Why not gold now?
Again, gold is inherently worthless.
What is gold actually worth? Ballpark?
Hello! Am I invisible? Nothing!
Okay, here is a stab at gold valuation:
There is about 200 000 tonnes of mined gold in the world. At current prices that’s worth 7.2 trillion dollars or pretty close to the amount of physical money floating around. However, it’s just a tenth of a wider money definition (M3=75tn).
What if all money had to be backed or replaced by gold? Easy, gold would have to be at some 12 000 USD/oz, rather than the current approximately 1200 USD.
In contrast, what’s a dollar worth? Well, the paper isn’t worth much and neither is the 28 ug of cocaine locked in the fibres of an average dollar bill (FYI: 99% of bills in London contain cocaine). The U.S. Fed has some 8000 tonnes of physical gold in its vaults. That’s enough to back less than 10% of the physical currency in the US and around (less than) 1% of its M3. China probably has a similar amount and thus a much better coverage, albeit still negligible as backing for its currency.
However, the power of taxation should mean something… It’s just that that power and value have been diluted by existing debt, as well as promises of pensions etc. that the USD is “backed” by a huge negative net value. Hence, the Bitcoin cryptocurrency is a better bet than the USD, despite having no intrinsic value or backing whatsoever.
Of the main contenders for money, dollars and Bitcoins get disqualified pretty quickly. The only thing Bitcoins have going for them is that they are much better than dollars and other fiat money.
Energy and water sound fine on paper, but there is at least one good reason why gold has won that battle the last 10 000 years. Storage (and stability – water goes bad and energy dissipates. Just as with proteins you only have the promise of delivery left and if you die that goes away, while gold remains).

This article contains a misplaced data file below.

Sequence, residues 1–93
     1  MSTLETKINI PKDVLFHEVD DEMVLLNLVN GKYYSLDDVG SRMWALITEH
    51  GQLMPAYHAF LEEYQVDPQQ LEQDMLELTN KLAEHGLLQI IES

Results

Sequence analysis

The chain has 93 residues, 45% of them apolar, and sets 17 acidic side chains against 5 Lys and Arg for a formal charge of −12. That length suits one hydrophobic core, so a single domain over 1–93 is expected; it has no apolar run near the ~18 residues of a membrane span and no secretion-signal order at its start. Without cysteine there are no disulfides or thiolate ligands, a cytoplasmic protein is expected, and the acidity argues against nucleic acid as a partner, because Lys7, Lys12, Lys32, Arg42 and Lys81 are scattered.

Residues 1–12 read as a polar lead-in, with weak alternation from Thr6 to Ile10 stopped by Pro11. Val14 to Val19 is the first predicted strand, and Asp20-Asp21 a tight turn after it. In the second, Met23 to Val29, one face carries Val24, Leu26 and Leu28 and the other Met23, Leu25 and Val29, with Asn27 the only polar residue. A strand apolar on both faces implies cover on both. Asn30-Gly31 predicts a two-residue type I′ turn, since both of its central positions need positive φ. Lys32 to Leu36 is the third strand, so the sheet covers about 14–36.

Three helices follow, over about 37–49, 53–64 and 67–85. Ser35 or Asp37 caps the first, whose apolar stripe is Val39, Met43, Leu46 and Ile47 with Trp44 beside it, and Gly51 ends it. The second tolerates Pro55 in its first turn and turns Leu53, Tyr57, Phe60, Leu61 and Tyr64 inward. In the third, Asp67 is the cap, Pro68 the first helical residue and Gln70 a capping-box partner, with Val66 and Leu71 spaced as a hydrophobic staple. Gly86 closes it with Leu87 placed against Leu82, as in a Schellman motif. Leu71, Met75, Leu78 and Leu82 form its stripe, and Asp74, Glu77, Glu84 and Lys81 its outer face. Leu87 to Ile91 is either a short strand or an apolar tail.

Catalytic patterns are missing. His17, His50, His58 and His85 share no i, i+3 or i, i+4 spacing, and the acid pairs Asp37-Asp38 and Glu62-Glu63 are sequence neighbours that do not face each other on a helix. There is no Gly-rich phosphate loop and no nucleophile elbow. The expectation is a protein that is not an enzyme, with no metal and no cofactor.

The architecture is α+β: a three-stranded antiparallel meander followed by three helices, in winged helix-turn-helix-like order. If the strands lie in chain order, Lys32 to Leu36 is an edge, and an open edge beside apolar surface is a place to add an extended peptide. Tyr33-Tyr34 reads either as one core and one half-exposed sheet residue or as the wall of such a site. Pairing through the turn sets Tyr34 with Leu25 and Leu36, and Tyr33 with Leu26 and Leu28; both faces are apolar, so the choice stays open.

Another theoretical valuation approach
Gold currently makes up about 1% of investment portfolios. To achieve significant diversification effects that should be at least 5%, and probably rather 10%. Some advocate multiples of that – at 25% (the Quattro Stagione strategy).
Even to just get to a more conservative 5-10% average portfolio weight, either other assets have to plunge dramatically (-80-90%), or gold would have to increase in price by some 500-1000%. Once again the evidence points to 10 000 USD/oz, give or take a few thousand. Well, if it weren’t for the fact that gold is worthless, that is.
Most likely there will be a combination of falling prices for stocks and bonds and a rising price for gold, as the sellers of other assets park their wealth in the safe haven of gold. Thus, even if you want to stay long stocks, you could hedge that position by adding gold. Everybody can’t go full retard as I have (both buying gold and shorting stocks).
Chartist’s view point to 5-6000 USD/oz
My first hand experience with gold is limited but rewarding